Can a hotel brand retain a uniqueness across its properties when expanding? Selina thinks so, and has been trying to convince potential investors it’s (almost) got the magic formula for a mass market cool factor. Still, it admits it’s stepping into the unknown with these hurdles to face.
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Scaling a brand that prides itself on uniqueness won’t be easy, especially during a period of global economic uncertainty, Selina’s execs admitted during a series of investor roadshows held this week.
Ever on-brand, the digital nomad-focused hospitality company took to Twitter Spaces to share its strategy ahead of its business combination with special purpose acquisition company (or SPAC) BOA Acquisition Corp on Oct. 26, following a stockholders meeting on Oct. 21.
But over the course of its “fireside chats,” senior members shared some of the challenges they’ll face expanding the company, and guaranteeing a sustainable future.
Striving for ‘Operational Excellence’
Selina wants to open one hotel every 10 to 12 days, and also has $350 million allocated capital from investors that want their new hotels to be Selina-branded.
But the hospitality-meets-lifestyle outfit is concerned over how it will be able to guarantee consistency of quality, as well as a unique feel.
“If you think about the Y axis being uniqueness of experience and the X axis being operational excellence at scale, nobody’s been able to solve both, right?,” said Steven O’Hayon, head of strategy, during its Oct. 18 roadshow event.
“So we have to become operationally excellent. In order to be able to do that, we have to become probably the most operationally excellent brand in the world … And to be honest, today, we’re not there yet. Right?”
As a result, the company needs to figure out how to give guests a different product every time, and standardize the processes to deliver a unique product every single time. It’s a “big challenge.”
Controlling Advertising Spend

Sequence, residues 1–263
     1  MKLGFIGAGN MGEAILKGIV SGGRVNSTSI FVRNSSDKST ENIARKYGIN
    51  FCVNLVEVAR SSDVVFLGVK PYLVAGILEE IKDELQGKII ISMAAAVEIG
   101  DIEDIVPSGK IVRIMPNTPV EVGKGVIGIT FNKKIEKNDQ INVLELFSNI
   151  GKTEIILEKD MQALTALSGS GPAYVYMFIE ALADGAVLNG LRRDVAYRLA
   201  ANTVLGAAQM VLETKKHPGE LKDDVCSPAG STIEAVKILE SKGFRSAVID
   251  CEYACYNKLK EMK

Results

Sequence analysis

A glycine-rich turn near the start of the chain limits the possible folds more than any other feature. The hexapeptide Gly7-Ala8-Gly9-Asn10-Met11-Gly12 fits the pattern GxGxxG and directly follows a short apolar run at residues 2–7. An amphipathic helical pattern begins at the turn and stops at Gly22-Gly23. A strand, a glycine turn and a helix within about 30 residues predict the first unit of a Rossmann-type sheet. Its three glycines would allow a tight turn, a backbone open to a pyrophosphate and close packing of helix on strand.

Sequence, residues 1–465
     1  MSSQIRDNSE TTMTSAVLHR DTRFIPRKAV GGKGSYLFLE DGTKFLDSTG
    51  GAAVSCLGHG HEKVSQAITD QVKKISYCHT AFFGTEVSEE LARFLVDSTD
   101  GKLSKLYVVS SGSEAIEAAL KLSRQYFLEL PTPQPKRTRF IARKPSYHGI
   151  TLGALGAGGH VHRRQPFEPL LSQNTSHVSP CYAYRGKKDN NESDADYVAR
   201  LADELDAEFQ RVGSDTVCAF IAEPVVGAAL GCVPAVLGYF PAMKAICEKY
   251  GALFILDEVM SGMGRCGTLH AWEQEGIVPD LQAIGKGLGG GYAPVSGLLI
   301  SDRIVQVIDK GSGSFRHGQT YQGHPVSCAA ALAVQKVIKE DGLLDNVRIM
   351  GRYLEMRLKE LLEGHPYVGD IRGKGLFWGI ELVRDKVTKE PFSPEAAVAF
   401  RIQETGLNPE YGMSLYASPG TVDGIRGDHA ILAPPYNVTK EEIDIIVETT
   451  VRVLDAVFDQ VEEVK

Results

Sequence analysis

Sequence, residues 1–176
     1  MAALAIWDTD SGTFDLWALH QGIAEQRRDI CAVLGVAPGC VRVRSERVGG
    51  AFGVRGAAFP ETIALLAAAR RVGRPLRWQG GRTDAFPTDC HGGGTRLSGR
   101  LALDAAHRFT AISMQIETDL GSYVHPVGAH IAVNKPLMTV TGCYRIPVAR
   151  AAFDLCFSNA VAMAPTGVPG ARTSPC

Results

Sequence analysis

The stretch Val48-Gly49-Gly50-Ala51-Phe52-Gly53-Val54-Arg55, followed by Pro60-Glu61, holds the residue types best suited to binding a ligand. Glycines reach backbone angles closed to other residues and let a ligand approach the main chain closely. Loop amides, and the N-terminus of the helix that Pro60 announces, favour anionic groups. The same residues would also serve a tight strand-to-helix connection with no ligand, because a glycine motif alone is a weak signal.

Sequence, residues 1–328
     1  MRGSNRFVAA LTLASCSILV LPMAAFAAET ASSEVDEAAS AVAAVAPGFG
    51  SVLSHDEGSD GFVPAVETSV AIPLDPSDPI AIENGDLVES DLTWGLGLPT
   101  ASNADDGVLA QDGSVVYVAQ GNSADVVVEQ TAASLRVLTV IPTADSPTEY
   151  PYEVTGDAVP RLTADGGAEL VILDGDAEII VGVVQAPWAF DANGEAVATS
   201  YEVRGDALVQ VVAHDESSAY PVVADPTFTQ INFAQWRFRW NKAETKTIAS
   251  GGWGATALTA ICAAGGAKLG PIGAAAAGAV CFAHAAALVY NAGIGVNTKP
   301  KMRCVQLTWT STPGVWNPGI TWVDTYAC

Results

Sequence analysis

As well as the costs involved with fine-tuning this operational excellence, Selina still needs to be able to fill its properties. And it looks like it will backtrack on a long-held word-of-mouth marketing strategy.
That’s because if you’re going to open lots of hotels in rapid succession, you can’t rely solely on your brand name, especially in new destinations. So it’s going to take an on-off approach to marketing.
O’Hayon said Selina hasn’t had a marketing budget, or chief marketing officer “from the moment that we started this business”. Which isn’t quite true.
“We never once had a big social media spend, or Facebook or Instagram,” he said during the Oct. 17 roadshow. “A hundred percent of the people that stepped into Selina were there because one of their friends told them to come, or they heard that it’s a beautiful place, or they wanted to experience something new and they arrived to this place.”
However, speaking a few days earlier to IPO Edge, Selina CEO Rafael Museri said while word-of-mouth was the strategy, “it doesn’t mean that in the new destinations you don’t want to use the traditional tools, online travel agents, Booking.com, Expedia. It’s a great tool to use as a penetration strategy for a new place … Direct booking performance strategies right to use Facebook, Twitter, TikTok and other relevant tools management to new areas,” he said.
However, once it becomes a destination and the brand feels strong enough, Selina would reduce the customer acquisition cost, and enjoying higher organic engagement.
Breaking Into the World of Business
Selina has a laser focus on digital nomads, but also sees the corporate world as key to driving more growth. New brand Mantra, which offers wellness retreats for companies and consumers, was only recently revealed — but it stands to play a pivotal role.
During one roadshow, O’Hayon revealed that Selina will even throw in Mantra retreats for free, as part of a yet-to-launched corporate subscription package. This membership would allow companies to offer staff a period of time working at its locations.
“I can come to a company right now, and tell them you have a really big problem because all your employees want to work from home or they want to travel and see the world, while still working,” he said, claiming employers were noticing and starting to create flexible work policies, and access to a Selina product would be a company perk. Examples included seven days a month to work from any Selina hotel, or three months a year.
“I can tell the company, on top of that, I will also make sure you have three offsites a year using the Mantra brand, and I will operate it for you,” he said.